Goldman Sachs Considering Punishing Richard Kimball For His Prudence, Joie De Vivre

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Over a year ago, at the height of the campaign to Hate on Goldman Sachs, Lloyd Blankfein issued an edict to employees: "do not be seen living high on the hog." As a partner, Richard Kimball knew he had to set an example for the younger guys and girls and followed Blankfein's demands to a tee. When he threw “a series of” topless parties in the Hamptons, he did so in the privacy of his Southampton rental. When he enjoyed the company of some lady friends following his divorce from Pete Peterson's daughter Holly, he did so in the elevators of his building on Jane Street. And when he threw an alleged "naked-themed" Halloween party this October, we're told it went down at a "secret location" not disclosed to guests until 10PM that evening. Basically, he's showed the utmost of discretion, demonstrating to the rest of the firm how you show people a good time without making a spectacle. And yet.

According to the Post, Goldman has been considering de-partnering the Kimballer, a painful process that brings mental anguish and shame on the de-balled. Fingers crossed this is a vicious, baseless rumor, and that Lloyd and Co do the right thing.

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Goldman Sachs Can Fix This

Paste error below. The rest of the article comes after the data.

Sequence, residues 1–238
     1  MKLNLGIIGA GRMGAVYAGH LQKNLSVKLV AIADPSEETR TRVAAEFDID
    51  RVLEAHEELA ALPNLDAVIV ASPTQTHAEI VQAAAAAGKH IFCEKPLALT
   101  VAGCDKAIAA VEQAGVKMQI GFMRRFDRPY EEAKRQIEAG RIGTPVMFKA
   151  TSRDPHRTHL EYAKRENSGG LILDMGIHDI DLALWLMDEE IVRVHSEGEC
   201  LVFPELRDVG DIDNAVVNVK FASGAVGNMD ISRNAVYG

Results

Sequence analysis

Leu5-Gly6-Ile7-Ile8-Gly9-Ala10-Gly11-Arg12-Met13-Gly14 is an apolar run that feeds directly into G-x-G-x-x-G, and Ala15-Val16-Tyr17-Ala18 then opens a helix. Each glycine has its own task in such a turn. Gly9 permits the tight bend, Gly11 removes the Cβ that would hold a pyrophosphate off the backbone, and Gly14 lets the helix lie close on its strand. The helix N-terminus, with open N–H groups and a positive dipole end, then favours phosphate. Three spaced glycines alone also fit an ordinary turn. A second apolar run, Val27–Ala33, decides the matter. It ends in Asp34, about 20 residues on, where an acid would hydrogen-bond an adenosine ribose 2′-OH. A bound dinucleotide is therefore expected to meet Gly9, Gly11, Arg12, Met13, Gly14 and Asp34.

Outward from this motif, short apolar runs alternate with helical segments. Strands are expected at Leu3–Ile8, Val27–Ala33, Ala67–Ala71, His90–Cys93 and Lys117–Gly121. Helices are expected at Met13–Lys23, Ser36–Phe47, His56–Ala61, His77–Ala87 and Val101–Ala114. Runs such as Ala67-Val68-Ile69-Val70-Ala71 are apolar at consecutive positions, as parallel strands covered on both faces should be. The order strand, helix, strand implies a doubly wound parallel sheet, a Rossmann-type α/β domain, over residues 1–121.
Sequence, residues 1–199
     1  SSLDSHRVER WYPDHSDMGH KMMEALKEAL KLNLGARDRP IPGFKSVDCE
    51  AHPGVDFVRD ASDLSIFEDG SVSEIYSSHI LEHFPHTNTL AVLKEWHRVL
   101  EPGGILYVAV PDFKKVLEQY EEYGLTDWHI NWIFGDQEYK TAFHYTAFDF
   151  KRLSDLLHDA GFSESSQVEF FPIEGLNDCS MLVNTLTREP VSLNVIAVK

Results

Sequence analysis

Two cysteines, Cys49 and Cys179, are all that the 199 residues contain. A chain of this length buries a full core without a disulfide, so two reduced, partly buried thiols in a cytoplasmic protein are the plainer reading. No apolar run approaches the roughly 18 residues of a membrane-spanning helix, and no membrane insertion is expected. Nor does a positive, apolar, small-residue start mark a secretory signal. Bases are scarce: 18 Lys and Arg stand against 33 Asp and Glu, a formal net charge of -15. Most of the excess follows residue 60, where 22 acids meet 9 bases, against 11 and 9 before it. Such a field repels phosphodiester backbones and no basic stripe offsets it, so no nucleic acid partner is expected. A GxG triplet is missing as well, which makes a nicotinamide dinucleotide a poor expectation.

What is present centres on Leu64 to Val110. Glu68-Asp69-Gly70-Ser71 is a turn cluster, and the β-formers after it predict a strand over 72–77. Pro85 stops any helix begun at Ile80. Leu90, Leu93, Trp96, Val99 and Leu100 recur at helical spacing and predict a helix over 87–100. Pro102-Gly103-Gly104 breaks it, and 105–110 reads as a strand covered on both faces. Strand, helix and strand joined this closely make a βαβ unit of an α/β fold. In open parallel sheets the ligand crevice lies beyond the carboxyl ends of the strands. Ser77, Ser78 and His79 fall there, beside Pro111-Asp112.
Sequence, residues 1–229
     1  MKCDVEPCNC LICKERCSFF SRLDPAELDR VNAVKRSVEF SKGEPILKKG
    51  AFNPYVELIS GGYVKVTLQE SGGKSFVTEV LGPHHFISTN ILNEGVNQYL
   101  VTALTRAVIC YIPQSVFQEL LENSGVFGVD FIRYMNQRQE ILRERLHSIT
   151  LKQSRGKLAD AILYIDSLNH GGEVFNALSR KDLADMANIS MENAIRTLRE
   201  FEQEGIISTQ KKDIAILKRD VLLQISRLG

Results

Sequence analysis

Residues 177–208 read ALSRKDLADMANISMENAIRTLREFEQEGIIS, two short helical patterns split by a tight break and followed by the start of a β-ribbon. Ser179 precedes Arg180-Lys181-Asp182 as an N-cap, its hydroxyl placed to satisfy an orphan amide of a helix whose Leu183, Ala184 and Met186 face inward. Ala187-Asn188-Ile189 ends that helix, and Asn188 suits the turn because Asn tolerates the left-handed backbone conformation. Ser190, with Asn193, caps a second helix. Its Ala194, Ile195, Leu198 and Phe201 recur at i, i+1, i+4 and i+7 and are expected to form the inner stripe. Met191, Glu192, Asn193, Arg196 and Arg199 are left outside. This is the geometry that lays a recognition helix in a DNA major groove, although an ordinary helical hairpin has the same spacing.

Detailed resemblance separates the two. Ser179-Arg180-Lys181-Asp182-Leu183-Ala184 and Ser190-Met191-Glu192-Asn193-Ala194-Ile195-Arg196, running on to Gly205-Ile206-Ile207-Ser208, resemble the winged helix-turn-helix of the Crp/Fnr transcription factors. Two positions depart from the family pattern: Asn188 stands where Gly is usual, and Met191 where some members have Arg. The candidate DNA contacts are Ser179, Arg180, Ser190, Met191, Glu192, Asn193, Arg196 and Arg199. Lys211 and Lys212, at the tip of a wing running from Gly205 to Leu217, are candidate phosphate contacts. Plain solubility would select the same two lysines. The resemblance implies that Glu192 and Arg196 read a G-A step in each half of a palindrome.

A week ago today, a man named Greg Smith resigned from Goldman Sachs. As a sort of exit interview, Smith explained his reasons for departing the firm in a New York Times Op-Ed entitled "Why I Am Leaving Goldman Sachs." The equity derivatives VP wrote that Goldman had "veered so far from the place I joined right out of college that I can no longer in good conscience say I identify with what it stands for." Smith went on to note that whereas the Goldman of today is "just about making money," the Goldman he knew as a young pup "revolved around teamwork, integrity, a spirit of humility, and always doing right by our clients." It was a culture that made him "love working for the firm" and its absence had stripped him of "pride and belief" he once held in the place. While claiming that Goldman Sachs has become virtually unrecognizable from the institution founded by Marcus (Goldman) and Samuel (Sachs), which put clients ahead of its own interests, is hardly a new argument, there was something about Smith's words that gave readers a moment's pause. He was so deeply distraught over the differences between the Goldman of 2012 and the Goldman of 2000 (when he was hired) that suggested...more. That he'd seen things. Things that had made an imprint on his soul. Things that he couldn't forget. Things that he held up in his heart for how Goldman should be and things that made it all the more difficult to ignore when it failed to live up to that ideal. Things like this: